The Monkeys: Adland’s provocateurs

By AdNews | Sponsored
Scott Nowell, Mark Green, Fabio Buresti and Justin Drape

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Ten years ago The Monkeys set out on a mission to Make Provocative Ideas Happen and with bold work generating headlines around the world and transcending into mainstream culture, it's making good on its mantra.

Born out of frustration with the status quo within networked agencies, The Monkeys is known for its controversial work and sparking real, household conversations in this country and beyond, such as the one about diversity from its recent Meat and Livestock Australia (MLA) ad.

“The brand landscape is continuing to evolve at warp speed and as a result, audiences are becoming immune to bland brand communication,” The Monkeys CEO Mark Green says.

The Monkeys were acquired by Accenture this week

“Brands have historically spent far too much time and money saying what they want to say, rather than what an audience wants to hear, so for a brand to stand out in today’s competitive market it has to surprise people, engage them and reward them for their time. That’s why brands need provocative thinking, if not they will simply be ignored.”

Arguably the most talked about ad agency in Australia, The Monkeys has embedded itself into the Australian vernacular, most recently with its ads for MLA , and work on one of the biggest brand launches of last year with Telstra. 

When The Monkeys launched its 2017 MLA ad that shirked its previous Australia Day association, it quickly became the most talked about to date, raising issues that went to the very core of multiculturalism and right to to the heart of when should the national day take place.

The agency’s work is discussed between clients in meetings, colleagues natter about it in the hallways, newsreaders run headline stories about them, competitors like to denounce them and friends talk about them at BBQs.

“Great ideas make brands famous and our clients famous so if our ideas aren’t worth talking about we start again and try and create one that is. If all goes to plan, we might overhear somebody raving about it at the next BBQ we go to,” Green said.

But The Monkeys don’t do provocative for the sake of it. It’s a strategic move for the agency and also its clients, explained chief creative officer Justin Drape.

“We live by the idea that it’s okay if you try and fail with brave ideas, but it’s not okay if you fail to try. And we encourage everyone to create provocative ideas although we don’t create work just for shock value,” he said.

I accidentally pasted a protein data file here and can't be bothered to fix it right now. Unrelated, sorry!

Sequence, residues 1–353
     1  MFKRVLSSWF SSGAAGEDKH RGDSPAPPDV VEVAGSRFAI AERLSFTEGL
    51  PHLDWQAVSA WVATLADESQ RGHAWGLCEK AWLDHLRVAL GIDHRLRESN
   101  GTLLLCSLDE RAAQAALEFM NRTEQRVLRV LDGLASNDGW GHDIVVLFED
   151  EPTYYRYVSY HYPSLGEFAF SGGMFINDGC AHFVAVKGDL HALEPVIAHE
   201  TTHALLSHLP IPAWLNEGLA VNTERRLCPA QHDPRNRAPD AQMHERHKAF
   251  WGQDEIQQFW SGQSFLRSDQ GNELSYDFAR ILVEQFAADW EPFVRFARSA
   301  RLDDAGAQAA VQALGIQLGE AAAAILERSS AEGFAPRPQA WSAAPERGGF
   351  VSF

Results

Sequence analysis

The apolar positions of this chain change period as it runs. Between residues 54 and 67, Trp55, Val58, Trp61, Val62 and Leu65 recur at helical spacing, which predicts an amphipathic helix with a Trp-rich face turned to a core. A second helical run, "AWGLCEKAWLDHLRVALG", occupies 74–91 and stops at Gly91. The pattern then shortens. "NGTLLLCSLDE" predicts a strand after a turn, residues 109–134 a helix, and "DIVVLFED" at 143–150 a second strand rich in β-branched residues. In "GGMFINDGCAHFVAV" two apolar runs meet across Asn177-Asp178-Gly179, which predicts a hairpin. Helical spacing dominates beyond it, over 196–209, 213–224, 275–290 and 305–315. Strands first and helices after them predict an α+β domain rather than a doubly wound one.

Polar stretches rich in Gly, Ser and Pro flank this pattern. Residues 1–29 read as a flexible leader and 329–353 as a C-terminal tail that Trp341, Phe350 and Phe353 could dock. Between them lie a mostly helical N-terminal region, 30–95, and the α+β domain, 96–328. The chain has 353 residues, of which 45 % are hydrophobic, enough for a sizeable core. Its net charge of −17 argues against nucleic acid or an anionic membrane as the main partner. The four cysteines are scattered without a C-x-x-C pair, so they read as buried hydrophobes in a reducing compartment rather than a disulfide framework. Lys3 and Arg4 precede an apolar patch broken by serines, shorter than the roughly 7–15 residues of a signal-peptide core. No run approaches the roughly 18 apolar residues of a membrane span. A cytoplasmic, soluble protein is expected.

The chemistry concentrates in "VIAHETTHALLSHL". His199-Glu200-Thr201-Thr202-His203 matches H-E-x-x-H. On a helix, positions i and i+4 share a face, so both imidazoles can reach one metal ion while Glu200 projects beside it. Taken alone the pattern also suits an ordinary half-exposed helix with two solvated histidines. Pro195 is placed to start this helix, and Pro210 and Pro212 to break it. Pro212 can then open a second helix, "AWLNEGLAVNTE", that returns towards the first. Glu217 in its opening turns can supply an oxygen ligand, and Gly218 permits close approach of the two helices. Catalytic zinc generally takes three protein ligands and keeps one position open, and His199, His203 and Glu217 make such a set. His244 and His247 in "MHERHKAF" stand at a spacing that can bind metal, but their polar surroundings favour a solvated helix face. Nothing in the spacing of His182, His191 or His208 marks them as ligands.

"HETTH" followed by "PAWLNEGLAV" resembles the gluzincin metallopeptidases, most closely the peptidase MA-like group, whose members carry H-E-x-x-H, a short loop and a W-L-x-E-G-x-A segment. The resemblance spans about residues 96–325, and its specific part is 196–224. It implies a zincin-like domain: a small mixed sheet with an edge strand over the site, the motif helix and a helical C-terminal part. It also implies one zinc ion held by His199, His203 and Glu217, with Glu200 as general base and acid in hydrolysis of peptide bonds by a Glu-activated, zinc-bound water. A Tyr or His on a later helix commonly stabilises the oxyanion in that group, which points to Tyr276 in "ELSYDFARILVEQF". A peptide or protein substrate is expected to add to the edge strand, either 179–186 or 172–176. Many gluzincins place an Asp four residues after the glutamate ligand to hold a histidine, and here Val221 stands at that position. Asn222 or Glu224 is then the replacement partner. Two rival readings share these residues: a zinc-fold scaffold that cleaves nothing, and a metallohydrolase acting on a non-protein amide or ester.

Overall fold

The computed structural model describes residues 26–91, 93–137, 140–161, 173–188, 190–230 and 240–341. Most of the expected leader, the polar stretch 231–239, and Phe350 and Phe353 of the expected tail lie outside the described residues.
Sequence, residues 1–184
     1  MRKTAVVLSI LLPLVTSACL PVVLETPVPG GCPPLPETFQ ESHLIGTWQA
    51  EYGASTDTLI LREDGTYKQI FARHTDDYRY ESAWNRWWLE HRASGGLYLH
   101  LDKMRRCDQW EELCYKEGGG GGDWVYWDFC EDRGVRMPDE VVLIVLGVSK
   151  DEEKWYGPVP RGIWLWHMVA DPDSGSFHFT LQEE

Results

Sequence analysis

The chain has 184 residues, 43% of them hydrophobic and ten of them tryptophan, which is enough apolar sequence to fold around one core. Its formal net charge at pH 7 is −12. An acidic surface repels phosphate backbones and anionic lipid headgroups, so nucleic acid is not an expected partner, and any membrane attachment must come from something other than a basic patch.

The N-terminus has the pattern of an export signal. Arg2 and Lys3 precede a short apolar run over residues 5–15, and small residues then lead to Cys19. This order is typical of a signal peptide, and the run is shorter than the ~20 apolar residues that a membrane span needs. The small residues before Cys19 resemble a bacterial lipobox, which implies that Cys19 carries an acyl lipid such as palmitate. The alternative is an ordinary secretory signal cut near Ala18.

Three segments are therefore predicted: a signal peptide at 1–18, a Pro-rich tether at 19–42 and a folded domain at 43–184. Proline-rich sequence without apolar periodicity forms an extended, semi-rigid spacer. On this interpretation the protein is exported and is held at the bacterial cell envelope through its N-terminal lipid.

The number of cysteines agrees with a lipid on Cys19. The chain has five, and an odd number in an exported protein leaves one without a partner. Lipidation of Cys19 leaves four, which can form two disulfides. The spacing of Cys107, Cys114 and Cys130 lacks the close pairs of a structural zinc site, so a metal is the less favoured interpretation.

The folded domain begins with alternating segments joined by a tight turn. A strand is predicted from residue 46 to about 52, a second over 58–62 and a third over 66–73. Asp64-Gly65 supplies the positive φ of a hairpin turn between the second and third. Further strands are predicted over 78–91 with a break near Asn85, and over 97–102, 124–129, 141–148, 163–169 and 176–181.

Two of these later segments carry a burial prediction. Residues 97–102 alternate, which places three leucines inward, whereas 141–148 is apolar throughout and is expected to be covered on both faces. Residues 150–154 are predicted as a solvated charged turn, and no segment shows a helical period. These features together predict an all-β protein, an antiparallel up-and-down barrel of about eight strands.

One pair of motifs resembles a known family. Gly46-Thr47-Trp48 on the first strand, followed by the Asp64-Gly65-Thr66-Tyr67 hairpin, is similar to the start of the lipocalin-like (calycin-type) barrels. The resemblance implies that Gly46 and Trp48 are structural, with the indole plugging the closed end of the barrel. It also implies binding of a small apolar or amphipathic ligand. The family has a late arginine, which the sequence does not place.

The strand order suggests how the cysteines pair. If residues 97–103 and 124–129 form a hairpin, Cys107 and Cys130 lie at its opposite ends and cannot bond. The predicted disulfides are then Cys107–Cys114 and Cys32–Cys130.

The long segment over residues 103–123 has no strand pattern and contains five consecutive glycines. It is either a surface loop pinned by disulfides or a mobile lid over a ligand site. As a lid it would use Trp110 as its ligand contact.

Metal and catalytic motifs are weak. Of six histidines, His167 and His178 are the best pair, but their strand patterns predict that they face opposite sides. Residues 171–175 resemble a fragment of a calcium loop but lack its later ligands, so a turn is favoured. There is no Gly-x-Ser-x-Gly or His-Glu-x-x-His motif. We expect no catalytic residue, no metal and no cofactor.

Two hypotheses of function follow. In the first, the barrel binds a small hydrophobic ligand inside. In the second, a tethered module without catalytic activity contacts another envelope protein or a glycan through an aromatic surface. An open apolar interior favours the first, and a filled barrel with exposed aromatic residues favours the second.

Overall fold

“Our thinking comes from a strong strategic foundation and that gives us the freedom to push the work because it all makes sense in the first place.”

Drape said it’s the inspirational words of USA founding father Benjamin Franklin that keeps the agency focussed on the work: “well done is better than well said”.

“Instead of blabbing to people about all the great things he was going to do - which happens a lot in our industry - Franklin actually did them,” he said.

“We would like to think we work the same way. We like to surprise the world with provocative ideas, surprise our clients with smart solutions and surprise ourselves along the way.”

Retaining 100% of its clients in 2016, picking up more work for Telstra and Qantas and most recently landing the Pizza Hut account, The Monkeys is showing no signs of slowing down but still holds close to the spirit it launched with.

“We always make sure we find a way to do what a client needs and this isn’t always what a client thinks they want. Whether it is through persistence, skill or downright determination, we always find a way to collaborate positively towards the right solution. Along the way you win and lose but I think all of our clients feel like we are working towards the same goal,” Green said.

So what’s next for The Monkeys?

"To make provocative ideas happen is a life’s work so we are prepared to go the distance. The most important job in the world is the one we are working on right now and long may that continue,” Green said.

Monkey say, monkey do.

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